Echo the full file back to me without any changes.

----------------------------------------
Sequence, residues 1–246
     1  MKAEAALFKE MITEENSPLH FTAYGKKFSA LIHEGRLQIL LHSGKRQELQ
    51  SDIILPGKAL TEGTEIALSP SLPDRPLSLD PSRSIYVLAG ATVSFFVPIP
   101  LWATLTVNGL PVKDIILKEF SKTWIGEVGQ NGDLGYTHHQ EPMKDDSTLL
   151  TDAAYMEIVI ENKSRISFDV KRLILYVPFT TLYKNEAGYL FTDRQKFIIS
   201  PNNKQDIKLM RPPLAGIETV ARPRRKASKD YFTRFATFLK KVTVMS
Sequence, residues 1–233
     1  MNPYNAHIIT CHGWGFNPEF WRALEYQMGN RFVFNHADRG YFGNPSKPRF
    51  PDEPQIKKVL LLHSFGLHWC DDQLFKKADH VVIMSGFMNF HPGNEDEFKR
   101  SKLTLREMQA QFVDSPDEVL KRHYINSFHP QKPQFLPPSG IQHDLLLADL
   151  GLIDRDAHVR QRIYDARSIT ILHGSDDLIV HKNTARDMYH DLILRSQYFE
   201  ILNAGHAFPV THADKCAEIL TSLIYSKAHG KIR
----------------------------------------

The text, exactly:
Sequence, residues 1–246
     1  MKAEAALFKE MITEENSPLH FTAYGKKFSA LIHEGRLQIL LHSGKRQELQ
    51  SDIILPGKAL TEGTEIALSP SLPDRPLSLD PSRSIYVLAG ATVSFFVPIP
   101  LWATLTVNGL PVKDIILKEF SKTWIGEVGQ NGDLGYTHHQ EPMKDDSTLL
   151  TDAAYMEIVI ENKSRISFDV KRLILYVPFT TLYKNEAGYL FTDRQKFIIS
   201  PNNKQDIKLM RPPLAGIETV ARPRRKASKD YFTRFATFLK KVTVMS
Sequence, residues 1–233
     1  MNPYNAHIIT CHGWGFNPEF WRALEYQMGN RFVFNHADRG YFGNPSKPRF
    51  PDEPQIKKVL LLHSFGLHWC DDQLFKKADH VVIMSGFMNF HPGNEDEFKR
   101  SKLTLREMQA QFVDSPDEVL KRHYINSFHP QKPQFLPPSG IQHDLLLADL
   151  GLIDRDAHVR QRIYDARSIT ILHGSDDLIV HKNTARDMYH DLILRSQYFE
   201  ILNAGHAFPV THADKCAEIL TSLIYSKAHG KIR